Homeowner’s insurance provides a safety net when certain accidents happen on your property, but insurance policies do not cover all incidents. Rather, policies define what is and is not covered. 1 area to think about is policy for pet attacks. While it may seem unlikely that your pet will strike somebody, insurance companies pay more than $300 million annually for dog bite claims, based on California lawyer David Beeson. To fight the growth of claims in the last several years, many insurance companies are placing language into insurance policies that limit coverage for pet attacks.
Many homeowner insurance coverages rigorously prohibit homeowners from possessing certain breeds of dogs. These strains are prohibited as they’re deemed likely to strike and can lead to harm, which often results in insurance claims and suits. By excluding these pets from policy, insurances avoid liability if an attack occur. In exchange for agreeing with the law, homeowners receive better rates. Dog breeds often not permitted by insurance policies include the Doberman pinscher, Alaskan malamute, German shepherd, bull terrier, pit bull, Rottweiler and Siberian husky.
Dog Bite Coverage
Insurance policies define what is covered should a dog attack happen. Insurance Services Office defines the insured since you and other residents of your family who are relatives or are under 21 years of age and care of you or a relative. Essentially, no policy is offered to residents 21 or older who aren’t linked to the insured person or persons. No coverage is provided for visitors. For policy to be supplied, the pet must be owned by the insured and cannot be used for a business purpose. Considering that the dog is possessed by the insured, strikes are insured when they occur to the insured parties or to anybody with custody of their dog. This includes a pet sitter. Coverage provides benefits like hospital expenditure reimbursement. The quantity of coverage varies from 1 policy to another. Some cities require evidence of dog bite policy on your homeowner insurance policy as a condition of owning certain breeds of dogs.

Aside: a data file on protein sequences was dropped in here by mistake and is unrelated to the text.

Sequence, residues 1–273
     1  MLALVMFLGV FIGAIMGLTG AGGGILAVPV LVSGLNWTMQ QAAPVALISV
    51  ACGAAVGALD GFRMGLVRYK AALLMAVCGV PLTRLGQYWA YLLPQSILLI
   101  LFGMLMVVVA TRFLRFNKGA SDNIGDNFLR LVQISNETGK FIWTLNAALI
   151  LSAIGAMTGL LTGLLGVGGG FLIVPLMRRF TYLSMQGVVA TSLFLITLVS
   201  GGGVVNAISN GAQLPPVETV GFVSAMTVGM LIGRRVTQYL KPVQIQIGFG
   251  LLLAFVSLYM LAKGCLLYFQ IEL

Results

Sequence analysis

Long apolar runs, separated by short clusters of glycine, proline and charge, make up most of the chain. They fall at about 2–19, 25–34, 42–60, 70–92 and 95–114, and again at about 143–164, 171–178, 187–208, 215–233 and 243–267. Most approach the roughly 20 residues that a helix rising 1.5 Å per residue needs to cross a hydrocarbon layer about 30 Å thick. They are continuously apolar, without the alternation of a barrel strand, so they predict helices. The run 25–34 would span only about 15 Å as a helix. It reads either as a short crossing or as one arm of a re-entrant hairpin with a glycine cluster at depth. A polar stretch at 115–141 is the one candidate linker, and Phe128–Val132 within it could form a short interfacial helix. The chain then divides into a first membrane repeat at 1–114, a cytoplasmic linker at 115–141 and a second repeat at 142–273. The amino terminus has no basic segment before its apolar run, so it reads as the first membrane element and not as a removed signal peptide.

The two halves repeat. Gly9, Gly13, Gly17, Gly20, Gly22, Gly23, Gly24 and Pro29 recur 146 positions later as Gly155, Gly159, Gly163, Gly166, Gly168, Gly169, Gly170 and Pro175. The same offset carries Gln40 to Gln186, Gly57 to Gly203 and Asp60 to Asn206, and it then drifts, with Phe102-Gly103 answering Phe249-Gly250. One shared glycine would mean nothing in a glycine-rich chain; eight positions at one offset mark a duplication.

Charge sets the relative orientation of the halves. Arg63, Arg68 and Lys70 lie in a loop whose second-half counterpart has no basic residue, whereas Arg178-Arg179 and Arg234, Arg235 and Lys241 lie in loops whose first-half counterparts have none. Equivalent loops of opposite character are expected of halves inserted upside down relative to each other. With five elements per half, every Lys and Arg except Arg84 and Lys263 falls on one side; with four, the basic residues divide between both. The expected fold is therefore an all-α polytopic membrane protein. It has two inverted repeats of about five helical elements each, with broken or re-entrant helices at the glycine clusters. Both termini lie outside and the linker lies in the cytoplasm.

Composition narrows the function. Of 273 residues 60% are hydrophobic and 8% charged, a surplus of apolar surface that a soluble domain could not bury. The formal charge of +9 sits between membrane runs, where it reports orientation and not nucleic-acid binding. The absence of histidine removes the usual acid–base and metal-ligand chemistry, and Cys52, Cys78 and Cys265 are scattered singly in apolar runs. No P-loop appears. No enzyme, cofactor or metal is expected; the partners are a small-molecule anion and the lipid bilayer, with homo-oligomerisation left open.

When insurers offer coverage for pets, they often define the quantity of coverage provided for pet strikes. Normally, the figure is just for pet attacks. Based on California lawyer Kenneth Phillips, the quantity needed varies and is determined by the extent of harm and other damage that would happen if your dog attacked someone. Phillips recommends up to $300,000 of coverage for all owners of big dogs and all dogs around the Centers for Disease Control and Prevention’s listing of biting dogs and most 25 breeds recognized by the CDC as having killed someone via an attack (see Resources). For dogs that do not fall into those categories, Phillips says, policy could be lower but should not be less than $100,000.